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Am Fam Physician. 2020;102(8):online

Clinical Question

What is the preferred monotherapy for the treatment of toenail onychomycosis?

Bottom Line

For toenail onychomycosis, continuous terbinafine (Lamisil), 250 mg, and continuous itraconazole (Sporanox), 200 mg, for 12 to 24 weeks are the preferred therapies. (Level of Evidence = 1a−)

Synopsis

Network meta-analyses can include direct comparisons (drug A vs. drug B in individual trials) and indirect comparisons (comparing drug A with drug C by linking studies of A vs. B and B vs. C). The researchers performed an appropriate search, and, of the 10,845 studies initially identified, 75 met the inclusion criteria, but only 26 reports of 31 clinical trials provided outcome data regarding cure rates or adverse events that could be used in the analysis. The included studies had a total of 8,136 patients and reported eight treatment regimens, including some with the same drug given continuously or in a pulsed fashion (i.e., daily for one week of a month). Most studies treated patients for 12 to 24 weeks, and the study drugs included ciclopirox 8% solution (Loprox), efinaconazole 10% solution (Jublia), fluconazole (Diflucan), itraconazole, terbinafine, and tavaborole 5% solution (Kerydin). The researchers used conventional methods for data abstraction, quality assessment, and analysis.

Of the 31 trials, only five were judged to be at overall low risk of bias. Most studies failed to describe randomization procedures or allocation concealment, 52% failed to mask participants, and 64% failed to mask outcome assessors. Itraconazole, 200 mg, and terbinafine, 250 mg, were most effective, based on placebo-controlled trials. Continuous regimens were more effective than pulsed regimens. This is consistent with the results based on direct and indirect comparisons. Continuous terbinafine and continuous itraconazole were most likely to be effective for mycologic cure. Adverse events did not differ much among the drugs; itraconazole was the safest.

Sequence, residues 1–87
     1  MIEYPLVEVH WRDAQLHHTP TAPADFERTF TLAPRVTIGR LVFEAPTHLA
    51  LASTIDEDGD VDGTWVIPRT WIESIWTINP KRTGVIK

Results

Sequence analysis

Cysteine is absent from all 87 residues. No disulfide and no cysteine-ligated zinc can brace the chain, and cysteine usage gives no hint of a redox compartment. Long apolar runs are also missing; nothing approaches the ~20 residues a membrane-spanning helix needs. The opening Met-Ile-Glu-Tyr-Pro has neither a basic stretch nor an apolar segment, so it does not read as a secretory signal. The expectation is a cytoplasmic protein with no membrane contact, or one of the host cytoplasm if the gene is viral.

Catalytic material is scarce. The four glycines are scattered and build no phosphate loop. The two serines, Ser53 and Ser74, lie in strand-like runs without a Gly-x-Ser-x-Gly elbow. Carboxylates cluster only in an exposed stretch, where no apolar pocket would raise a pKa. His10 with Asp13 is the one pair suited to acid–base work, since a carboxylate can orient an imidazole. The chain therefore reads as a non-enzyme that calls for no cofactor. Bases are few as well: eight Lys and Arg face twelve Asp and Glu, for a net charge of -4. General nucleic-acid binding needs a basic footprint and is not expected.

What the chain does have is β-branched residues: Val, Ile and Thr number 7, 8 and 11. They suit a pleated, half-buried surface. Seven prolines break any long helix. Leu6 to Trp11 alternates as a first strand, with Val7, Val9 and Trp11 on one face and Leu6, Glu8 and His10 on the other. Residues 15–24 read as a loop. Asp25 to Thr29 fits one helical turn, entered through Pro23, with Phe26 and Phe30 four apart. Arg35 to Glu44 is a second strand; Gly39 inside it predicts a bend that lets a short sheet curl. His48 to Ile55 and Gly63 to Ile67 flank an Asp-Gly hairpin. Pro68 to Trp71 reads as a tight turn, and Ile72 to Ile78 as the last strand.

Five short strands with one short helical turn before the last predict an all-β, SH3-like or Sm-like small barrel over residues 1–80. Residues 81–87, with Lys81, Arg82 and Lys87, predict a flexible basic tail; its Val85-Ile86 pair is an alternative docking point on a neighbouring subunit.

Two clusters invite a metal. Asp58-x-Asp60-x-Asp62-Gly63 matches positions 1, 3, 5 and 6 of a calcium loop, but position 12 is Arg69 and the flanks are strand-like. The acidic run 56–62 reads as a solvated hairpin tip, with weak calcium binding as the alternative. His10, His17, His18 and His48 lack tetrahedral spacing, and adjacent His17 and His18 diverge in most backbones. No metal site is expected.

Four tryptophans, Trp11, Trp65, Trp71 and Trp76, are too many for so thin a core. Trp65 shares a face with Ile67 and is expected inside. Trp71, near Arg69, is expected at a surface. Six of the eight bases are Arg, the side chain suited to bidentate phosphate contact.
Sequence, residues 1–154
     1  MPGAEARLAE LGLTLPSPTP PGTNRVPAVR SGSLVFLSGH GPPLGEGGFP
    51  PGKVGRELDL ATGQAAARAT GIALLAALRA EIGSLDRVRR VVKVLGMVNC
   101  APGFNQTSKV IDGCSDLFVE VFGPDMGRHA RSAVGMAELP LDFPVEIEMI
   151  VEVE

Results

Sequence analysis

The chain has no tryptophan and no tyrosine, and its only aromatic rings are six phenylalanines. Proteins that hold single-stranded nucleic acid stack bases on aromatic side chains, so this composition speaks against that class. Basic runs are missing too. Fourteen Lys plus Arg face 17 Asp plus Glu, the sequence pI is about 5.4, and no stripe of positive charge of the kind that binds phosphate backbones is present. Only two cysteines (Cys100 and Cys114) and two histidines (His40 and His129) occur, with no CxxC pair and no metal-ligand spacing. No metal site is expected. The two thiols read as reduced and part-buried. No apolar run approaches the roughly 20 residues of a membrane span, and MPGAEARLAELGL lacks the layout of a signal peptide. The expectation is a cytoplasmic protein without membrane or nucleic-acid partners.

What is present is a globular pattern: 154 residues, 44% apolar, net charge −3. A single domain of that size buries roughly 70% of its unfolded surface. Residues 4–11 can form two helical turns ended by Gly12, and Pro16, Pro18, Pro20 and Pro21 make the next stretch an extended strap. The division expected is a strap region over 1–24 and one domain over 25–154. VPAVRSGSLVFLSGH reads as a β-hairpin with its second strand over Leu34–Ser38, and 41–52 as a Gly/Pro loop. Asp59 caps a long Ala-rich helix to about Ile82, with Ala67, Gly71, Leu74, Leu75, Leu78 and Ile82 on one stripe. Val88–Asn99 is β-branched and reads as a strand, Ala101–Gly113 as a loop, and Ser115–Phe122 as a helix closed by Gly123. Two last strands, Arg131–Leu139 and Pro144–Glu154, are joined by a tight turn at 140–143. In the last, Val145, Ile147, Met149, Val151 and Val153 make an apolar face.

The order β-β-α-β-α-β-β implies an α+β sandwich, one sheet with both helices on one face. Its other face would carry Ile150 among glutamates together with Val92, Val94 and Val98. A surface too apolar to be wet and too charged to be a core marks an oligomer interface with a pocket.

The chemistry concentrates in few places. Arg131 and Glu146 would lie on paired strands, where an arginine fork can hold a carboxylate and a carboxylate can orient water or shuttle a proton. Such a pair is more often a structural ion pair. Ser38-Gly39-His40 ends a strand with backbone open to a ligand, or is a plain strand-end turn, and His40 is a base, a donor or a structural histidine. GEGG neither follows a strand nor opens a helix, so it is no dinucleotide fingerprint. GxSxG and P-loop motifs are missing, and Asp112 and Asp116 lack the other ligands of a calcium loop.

Study design: Meta-analysis (randomized controlled trials)

Funding source: Self-funded or unfunded

Setting: Various (meta-analysis)

Reference:GuptaAKFoleyKAMaysRRet alMonotherapy for toenail onychomycosis: a systematic review and network meta-analysis. Br J Dermatol2020;182(2):287–299.

Editor's Note:

Dr. Ebell is deputy editor for evidence-based medicine for AFP and cofounder and editor-in-chief of Essential Evidence Plus, published by Wiley-Blackwell.

POEMs (patient-oriented evidence that matters) are provided by Essential Evidence Plus, a point-of-care clinical decision support system published by Wiley-Blackwell. For more information, see http://www.essentialevidenceplus.com. Copyright Wiley-Blackwell. Used with permission.

For definitions of levels of evidence used in POEMs, see http://www.essentialevidenceplus.com/product/ebm_loe.cfm?show=oxford.

To subscribe to a free podcast of these and other POEMs that appear in AFP, search in iTunes for “POEM of the Week” or go to http://goo.gl/3niWXb.

This series is coordinated by Sumi Sexton, MD, editor-in-chief.

A collection of POEMs published in AFP is available at https://www.aafp.org/afp/poems.

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